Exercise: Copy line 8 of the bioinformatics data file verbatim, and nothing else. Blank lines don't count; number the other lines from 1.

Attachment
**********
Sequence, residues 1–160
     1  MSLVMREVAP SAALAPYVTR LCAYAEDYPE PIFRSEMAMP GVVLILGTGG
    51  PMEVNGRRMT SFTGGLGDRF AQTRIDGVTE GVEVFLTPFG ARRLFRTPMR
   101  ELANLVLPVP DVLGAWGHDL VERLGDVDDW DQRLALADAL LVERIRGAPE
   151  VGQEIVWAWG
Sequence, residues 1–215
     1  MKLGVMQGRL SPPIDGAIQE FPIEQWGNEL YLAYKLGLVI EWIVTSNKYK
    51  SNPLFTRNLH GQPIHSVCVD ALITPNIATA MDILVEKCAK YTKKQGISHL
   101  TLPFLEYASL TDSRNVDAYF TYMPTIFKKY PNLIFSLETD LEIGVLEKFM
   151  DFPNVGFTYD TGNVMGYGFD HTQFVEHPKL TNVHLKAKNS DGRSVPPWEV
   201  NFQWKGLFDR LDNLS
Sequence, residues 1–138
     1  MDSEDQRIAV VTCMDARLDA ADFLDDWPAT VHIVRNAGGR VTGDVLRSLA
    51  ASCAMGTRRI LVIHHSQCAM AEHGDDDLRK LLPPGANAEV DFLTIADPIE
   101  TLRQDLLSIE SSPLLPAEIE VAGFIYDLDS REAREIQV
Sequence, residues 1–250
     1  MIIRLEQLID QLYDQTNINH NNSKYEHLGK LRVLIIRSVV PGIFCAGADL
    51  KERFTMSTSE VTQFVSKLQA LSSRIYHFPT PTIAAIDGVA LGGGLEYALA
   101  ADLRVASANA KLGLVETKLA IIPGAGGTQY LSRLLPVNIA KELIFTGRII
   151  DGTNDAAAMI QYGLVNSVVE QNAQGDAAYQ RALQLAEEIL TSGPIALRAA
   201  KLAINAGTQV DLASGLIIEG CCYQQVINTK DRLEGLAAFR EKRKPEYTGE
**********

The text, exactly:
    51  SNPLFTRNLH GQPIHSVCVD ALITPNIATA MDILVEKCAK YTKKQGISHL